Austria Considers Entry Ban for Violent Israeli Settlers

PeopleOther ♦ Published: December 27, 2023; 18:49 ♦ (Vindobona)

In a noteworthy development, Austria is considering a travel ban on violent Israeli settlers, Foreign Minister Alexander Schallenberg has announced. This follows moves by the US as well as Germany and France, which are discussing similar measures.

"The violent behavior of radical protesters is absolutely unacceptable and irresponsible," says the Austrian Foreign Ministry. / Picture: © BMEIA Bundesministerium für Europa, Integration und Äußeres / Gruber / Flickr Attribution 2.0 Generic (CC BY 2.0)

Schallenberg emphasized that Austria prefers an EU-wide regulation, as the violent behavior of these settlers is "absolutely unacceptable and irresponsible", as reported by "Die Kleine Zeitung". The EU is currently discussing whether people involved in acts of violence against Palestinians should be banned from entering the Schengen area. The decision is in the context of the increasing violence in the West Bank and is intended to send a signal of solidarity with the victims and disapproval of such acts.

Several countries have already gone it alone, with the UK leading the way. According to "DerStandard", the Austrian Foreign Ministry is "absolutely open to an EU-wide solution". However, they are currently still waiting for concrete proposals. As soon as there is a draft text that can be discussed, it will be examined and the ministry is open to the idea.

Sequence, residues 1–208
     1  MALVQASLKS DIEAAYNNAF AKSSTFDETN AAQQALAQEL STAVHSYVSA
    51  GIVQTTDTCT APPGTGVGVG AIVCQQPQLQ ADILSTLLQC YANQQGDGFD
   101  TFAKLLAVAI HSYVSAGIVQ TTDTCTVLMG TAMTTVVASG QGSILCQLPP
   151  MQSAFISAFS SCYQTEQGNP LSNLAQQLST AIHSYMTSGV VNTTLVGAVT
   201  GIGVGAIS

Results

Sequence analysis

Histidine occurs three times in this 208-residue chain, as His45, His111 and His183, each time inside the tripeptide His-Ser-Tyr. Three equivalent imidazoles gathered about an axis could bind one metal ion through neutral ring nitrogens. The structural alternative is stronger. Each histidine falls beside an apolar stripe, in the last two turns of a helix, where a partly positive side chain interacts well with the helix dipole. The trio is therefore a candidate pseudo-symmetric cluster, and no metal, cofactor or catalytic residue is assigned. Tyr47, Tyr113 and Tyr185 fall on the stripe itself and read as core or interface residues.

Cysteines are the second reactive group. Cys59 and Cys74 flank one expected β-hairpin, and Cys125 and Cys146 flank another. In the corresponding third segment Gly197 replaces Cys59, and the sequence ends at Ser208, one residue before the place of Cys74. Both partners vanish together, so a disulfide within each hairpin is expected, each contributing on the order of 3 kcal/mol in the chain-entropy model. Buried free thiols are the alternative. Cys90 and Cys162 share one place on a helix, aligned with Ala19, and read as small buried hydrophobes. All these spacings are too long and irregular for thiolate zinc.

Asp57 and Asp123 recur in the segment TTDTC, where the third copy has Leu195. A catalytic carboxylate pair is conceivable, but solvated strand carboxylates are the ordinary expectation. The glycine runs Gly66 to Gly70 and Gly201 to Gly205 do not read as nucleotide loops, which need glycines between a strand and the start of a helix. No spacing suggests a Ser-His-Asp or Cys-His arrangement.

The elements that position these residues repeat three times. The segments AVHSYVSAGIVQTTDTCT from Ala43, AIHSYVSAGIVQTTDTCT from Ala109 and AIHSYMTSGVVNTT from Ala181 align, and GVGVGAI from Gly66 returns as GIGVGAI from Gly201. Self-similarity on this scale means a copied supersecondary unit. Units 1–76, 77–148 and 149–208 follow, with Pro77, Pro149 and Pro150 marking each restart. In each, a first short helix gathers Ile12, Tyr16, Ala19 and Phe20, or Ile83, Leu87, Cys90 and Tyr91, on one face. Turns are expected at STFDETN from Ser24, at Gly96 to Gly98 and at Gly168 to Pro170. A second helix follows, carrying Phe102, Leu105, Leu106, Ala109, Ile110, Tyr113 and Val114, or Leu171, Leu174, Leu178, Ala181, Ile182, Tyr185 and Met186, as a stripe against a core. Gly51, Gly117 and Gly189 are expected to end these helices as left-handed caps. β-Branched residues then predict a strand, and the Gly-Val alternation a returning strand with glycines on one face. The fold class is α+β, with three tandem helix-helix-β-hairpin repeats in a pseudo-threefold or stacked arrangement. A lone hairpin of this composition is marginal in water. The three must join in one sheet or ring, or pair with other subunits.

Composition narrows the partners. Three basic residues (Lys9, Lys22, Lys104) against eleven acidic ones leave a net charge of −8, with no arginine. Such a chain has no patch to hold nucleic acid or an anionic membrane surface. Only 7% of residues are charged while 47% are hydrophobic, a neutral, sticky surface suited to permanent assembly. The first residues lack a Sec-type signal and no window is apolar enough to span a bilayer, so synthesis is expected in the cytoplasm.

A concrete course of action has not yet been determined, but national solutions could be considered if no EU-wide regulation is reached. The measure is controversial in Israel, with critics of the occupation policy calling for tougher steps and the Israeli government rejecting the proposals.

No Schengen entry

Human rights organizations in Israel report a significant increase in violent attacks on Palestinian villages in the West Bank in 2023.

Israeli citizens can enter the EU without applying for a visa. However, a specific entry ban to the entire Schengen area could be envisaged, which would be targeted at the person in question. In this case, even a second passport from an EU member state, which many Israelis have, would not provide any relief. In concrete terms, an Austrian citizen - in this case, an Israeli with an Austrian second passport - could be prevented from entering the country at Schwechat Airport if there is an EU-wide regulation.

However, it is questionable how many people would be affected by such an entry ban. In the USA, the number of cases is estimated at "no more than a few dozen". According to high-ranking US representatives, however, the purpose of such a visa ban is in any case the hoped-for deterrent effect soon.

The EU authorities would probably base their lists of offenders on whether someone had been convicted of violent assaults in Israel. However, this is only the case in a minority of the cases documented by human rights organizations.